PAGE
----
Proof of concept : Metamorphosis



The transformation of a beautiful idea born via simulation into a commercial opportunity is described as it progresses from proof of concept towards a product. At the heart of this ongoing story is advanced simulation using massively parallel computation and rare-event methods.

Proof of concept : Metamorphosis

Author: Donal Makernan, University College Dublin, Ireland

Nervous excitement driven by optimism combined with a terrible foreboding  – these are the sentiments that flow through one consciously and subconsciously as one waits to see if years of theoretical and simulation work will prove to be true when tested in experiment. In my case, the experiment was actually performed in living cells, where the diagnostic sensor we had designed, optimized, and validated in silico, was expressed by colleagues experts in molecular biology and genetic engineering.  I was presented with the data in the form of graphs – and wept – it works.  That was ten months ago. We had managed to do the experiment on a shoestring budget, a former head of the school and colleague contributing € 10,000 to fund an experimental postdoc for two months’ work, and I added another  € 5,000 from my own pocket to pay for gene synthesis.  The result suddenly changed dramatically how our invention was perceived – from an elegant idea that probably would not work in reality in the murky environment of living cells to something that works – but how wide is its scope of application? An industry consultant (who also is an expert in immunology) that  I had worked with intensely on a number of proposals mentioned to a very successful investor what we had proven while they were working together on a different project.  The investor, who can be characterized as a man of action,  had been a pilot in the US air force, and worked for decades as an optico-electronic engineer in the US, Germany, and Switzerland, and later as an entrepreneur. Once he was convinced, he would move mountains to get something to work. Within three weeks of my receipt of  his first email message, he had arrived in Dubin with a team  for a week to discuss a possible agreement. Verbal commitments were made, and  four weeks later, we had hired the first two members of the team, two software engineers (formerly theoretical physicists)  to work on the project.  So now, the challenge repeats itself, can we modify the design and build it as a sensor for the problem of our times,  COVID 19?  Technically, the problem is easier, but the time scale is much tighter.  We need to have a sensor to market within four to five months. We have already been working for three months on the problem, and have a prototype design that we have been mutating selectively so as to optimize the performance of the sensor – and simulating the system on supercomputers including the seventh fastest in the world.  Never have we had so much computational power at hand – thanks to E-CAM, CECAM, and PRACE – and we need that power if we are to reach our objective – the design, optimization and validation of  sensors  design through computer simulation. The typical complete system size is of the order of six million atoms, including the protein, target epitopes, water and salt representative of physiological conditions. To speed up the calculations we are using parallel replica exchange metadynamics, so that we can have multiple replicas exploring simultaneously the free energy landscape, thereby taking advantage of the fact that limited communication is needed between each replica (they update the same hills functions  but otherwise they are essentially independent).  To get convergence in sampling for the complete system in a reasonable human time of 3 days or so, we need 8 CPU nodes and 32 GPGPU’s.   That said, as the sensor is in fact  a modular protein,  we focus on smaller parts of the system when we can, requiring greatly reduced computer resources.  We are also developing a perturbative approach to speed up the simulation time, where we can compute  free energy properties of an unperturbed system – and use that as the starting point for sampling the properties of the perturbed system.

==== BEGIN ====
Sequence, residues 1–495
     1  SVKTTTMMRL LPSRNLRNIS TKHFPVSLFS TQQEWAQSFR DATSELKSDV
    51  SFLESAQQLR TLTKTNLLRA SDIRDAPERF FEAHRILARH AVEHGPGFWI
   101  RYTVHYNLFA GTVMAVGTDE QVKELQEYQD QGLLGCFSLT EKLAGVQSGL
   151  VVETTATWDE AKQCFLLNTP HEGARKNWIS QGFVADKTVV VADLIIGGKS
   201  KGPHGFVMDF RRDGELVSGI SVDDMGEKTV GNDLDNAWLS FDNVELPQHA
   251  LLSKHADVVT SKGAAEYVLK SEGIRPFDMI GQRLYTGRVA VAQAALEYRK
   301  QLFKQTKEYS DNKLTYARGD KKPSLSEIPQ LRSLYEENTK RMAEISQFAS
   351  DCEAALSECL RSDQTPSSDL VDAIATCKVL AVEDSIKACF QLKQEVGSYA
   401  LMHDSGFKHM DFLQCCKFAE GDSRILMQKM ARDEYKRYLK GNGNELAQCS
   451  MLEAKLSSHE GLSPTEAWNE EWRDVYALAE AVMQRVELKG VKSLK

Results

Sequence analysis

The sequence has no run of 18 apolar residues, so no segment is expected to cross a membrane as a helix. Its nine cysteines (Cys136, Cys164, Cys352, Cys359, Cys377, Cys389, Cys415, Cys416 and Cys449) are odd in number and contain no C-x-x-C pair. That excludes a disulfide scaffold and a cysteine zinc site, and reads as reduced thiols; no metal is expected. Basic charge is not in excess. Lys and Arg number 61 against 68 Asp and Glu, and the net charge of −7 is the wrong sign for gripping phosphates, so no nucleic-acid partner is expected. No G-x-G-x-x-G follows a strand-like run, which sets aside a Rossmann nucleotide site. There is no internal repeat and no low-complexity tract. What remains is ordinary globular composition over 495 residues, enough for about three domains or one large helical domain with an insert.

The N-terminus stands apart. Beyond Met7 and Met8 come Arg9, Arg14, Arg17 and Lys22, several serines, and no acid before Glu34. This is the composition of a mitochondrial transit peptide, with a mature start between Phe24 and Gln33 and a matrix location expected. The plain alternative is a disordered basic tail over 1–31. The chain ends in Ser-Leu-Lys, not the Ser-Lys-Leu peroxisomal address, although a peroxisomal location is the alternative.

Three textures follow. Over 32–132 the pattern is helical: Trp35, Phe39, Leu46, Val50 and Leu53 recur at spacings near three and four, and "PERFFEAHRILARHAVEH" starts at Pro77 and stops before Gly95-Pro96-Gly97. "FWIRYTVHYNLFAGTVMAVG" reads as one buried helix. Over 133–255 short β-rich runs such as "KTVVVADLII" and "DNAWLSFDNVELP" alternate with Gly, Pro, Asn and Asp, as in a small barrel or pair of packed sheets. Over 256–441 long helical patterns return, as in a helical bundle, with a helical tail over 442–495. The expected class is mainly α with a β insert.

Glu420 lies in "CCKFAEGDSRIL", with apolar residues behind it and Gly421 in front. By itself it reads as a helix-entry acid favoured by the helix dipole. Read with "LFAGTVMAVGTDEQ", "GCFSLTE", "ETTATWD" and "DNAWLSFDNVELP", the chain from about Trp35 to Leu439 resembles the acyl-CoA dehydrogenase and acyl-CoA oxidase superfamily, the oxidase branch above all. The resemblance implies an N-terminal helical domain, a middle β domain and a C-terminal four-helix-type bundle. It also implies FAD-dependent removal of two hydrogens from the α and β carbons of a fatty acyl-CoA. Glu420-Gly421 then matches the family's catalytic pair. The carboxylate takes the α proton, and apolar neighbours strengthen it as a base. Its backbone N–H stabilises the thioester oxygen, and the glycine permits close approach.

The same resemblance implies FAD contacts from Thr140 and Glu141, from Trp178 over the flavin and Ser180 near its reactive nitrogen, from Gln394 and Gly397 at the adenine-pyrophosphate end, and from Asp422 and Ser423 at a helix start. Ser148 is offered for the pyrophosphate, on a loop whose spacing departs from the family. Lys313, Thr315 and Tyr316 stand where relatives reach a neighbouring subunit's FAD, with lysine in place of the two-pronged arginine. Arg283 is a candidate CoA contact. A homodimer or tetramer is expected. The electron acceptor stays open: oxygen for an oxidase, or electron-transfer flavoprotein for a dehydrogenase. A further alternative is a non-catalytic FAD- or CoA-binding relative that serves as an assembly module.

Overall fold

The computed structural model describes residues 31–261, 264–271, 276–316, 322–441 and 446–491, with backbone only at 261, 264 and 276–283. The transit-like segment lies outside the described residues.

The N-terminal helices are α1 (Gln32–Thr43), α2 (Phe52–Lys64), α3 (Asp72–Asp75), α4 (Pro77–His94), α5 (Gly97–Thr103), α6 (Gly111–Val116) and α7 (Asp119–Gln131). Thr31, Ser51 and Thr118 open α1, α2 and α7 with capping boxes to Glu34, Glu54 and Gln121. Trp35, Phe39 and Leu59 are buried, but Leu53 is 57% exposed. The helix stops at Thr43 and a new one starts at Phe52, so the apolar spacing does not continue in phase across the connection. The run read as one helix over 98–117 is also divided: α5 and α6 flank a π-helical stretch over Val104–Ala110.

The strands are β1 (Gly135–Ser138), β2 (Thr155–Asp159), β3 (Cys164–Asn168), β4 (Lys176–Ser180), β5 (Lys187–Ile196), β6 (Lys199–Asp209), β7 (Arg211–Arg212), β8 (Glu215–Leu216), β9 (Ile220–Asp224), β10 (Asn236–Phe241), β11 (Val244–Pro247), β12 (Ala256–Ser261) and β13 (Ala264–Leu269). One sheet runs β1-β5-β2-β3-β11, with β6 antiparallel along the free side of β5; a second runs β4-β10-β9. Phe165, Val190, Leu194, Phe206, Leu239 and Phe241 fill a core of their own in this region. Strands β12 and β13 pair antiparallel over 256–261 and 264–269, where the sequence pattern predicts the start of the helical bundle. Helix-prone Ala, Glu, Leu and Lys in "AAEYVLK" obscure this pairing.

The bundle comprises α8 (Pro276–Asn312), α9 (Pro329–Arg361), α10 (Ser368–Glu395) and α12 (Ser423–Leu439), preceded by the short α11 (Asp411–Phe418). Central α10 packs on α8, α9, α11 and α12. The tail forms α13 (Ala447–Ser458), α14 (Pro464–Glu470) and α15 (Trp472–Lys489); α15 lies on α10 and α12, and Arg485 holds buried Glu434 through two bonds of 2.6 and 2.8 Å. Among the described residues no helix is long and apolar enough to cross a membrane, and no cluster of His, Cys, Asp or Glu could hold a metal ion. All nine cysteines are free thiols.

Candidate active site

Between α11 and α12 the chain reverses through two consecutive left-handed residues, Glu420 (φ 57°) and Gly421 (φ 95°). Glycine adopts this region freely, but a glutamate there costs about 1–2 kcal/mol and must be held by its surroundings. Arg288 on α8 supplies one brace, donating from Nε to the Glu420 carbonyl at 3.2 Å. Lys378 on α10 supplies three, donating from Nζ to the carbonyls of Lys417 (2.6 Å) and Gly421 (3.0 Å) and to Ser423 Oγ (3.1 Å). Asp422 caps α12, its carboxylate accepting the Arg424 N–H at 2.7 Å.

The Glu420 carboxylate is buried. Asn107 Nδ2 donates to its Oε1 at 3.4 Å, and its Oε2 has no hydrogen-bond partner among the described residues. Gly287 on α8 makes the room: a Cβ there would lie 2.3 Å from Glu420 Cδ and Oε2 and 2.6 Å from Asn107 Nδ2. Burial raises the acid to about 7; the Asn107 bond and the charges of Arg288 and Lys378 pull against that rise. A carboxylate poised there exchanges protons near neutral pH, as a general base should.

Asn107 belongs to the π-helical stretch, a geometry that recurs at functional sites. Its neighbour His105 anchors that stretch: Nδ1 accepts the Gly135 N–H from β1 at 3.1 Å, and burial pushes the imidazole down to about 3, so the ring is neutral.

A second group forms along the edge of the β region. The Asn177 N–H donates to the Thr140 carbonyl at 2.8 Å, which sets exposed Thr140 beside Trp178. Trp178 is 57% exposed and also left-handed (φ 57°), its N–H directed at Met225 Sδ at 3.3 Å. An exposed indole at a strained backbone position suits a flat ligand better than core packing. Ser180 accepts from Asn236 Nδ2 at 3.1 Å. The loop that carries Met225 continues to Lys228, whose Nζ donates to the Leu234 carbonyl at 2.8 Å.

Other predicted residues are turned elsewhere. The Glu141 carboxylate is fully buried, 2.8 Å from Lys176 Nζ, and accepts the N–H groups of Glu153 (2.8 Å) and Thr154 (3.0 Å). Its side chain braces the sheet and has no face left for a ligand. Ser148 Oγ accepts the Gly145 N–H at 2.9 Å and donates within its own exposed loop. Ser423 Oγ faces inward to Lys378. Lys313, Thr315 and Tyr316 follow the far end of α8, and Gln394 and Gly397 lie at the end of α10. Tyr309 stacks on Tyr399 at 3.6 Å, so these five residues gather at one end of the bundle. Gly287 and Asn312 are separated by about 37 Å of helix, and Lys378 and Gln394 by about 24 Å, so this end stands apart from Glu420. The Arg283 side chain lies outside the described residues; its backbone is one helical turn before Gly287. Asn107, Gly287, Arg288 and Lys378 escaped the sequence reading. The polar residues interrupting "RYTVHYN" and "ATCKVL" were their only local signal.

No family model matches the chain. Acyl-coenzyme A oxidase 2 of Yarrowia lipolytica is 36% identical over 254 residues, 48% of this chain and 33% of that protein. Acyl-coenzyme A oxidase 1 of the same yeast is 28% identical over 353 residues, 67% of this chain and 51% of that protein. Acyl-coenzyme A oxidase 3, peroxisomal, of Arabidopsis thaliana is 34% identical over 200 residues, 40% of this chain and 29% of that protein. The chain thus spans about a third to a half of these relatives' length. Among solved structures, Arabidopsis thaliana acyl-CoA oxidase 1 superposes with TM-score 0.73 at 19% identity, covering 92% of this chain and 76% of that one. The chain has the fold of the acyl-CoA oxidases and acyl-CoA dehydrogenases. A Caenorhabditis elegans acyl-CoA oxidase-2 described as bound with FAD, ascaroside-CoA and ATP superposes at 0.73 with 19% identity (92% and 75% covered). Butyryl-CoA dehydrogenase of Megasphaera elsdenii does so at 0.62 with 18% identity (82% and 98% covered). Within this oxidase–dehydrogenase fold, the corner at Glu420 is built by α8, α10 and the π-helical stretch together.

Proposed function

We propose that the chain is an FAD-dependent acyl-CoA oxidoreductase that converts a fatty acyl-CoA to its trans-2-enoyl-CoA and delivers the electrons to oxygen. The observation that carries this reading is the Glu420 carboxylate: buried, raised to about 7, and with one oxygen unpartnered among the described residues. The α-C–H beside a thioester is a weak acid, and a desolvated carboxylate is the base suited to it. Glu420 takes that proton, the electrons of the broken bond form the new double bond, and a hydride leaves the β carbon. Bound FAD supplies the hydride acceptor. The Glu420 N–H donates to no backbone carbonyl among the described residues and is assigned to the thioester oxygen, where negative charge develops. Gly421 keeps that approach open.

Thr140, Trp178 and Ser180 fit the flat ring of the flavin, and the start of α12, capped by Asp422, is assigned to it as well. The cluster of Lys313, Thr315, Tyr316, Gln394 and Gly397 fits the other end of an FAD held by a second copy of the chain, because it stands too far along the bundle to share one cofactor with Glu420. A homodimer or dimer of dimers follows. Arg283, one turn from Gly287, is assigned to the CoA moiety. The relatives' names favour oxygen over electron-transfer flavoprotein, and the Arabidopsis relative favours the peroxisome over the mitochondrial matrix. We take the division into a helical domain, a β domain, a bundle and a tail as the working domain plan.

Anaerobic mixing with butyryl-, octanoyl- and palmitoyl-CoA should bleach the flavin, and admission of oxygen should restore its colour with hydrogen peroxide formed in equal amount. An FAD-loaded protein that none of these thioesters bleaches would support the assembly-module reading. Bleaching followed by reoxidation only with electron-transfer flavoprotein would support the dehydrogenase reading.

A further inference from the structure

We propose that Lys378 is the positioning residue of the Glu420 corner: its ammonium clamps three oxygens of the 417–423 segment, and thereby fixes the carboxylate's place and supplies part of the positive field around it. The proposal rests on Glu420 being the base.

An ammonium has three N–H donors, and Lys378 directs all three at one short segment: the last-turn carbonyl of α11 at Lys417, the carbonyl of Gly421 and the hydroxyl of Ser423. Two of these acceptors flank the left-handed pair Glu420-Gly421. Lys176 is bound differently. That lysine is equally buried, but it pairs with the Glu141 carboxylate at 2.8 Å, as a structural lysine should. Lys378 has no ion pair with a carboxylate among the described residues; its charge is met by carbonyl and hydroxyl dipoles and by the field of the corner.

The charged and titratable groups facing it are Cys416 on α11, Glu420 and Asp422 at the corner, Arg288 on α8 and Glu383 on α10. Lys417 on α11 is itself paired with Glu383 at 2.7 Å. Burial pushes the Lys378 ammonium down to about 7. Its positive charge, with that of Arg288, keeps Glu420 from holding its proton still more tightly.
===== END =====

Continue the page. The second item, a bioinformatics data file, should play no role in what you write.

It is important to stress the importance of  our government funded university technology transfer office (TITO) in the commercialization aspects of this work. The scope of their  support  is wide,  ranging from the filing of patent applications, negotiating licensing terms, to the incubation of start-up companies,  training academic researchers on the basics of commercialization including the feasibility of bringing research ideas to market.   While our research team is completely focused on developing further the  scientific aspects of our work, the commercial and legal considerations are being largely handled by TITO case managers.  They understood immediately that our invention is a platform technology, with a very wide range of applications.  As a consequence, it was possible to commercialize specific  fields of application ( COVID 19 and influenza A/B diagnostic sensors) with generous licensing terms,  and using that to provide proof of concept to everything else, much as a farmer might sell a field to develop the rest of the farm.  

In the next update of this blog, I hope to have news on the wet-lab validation of our COVID 19 sensors.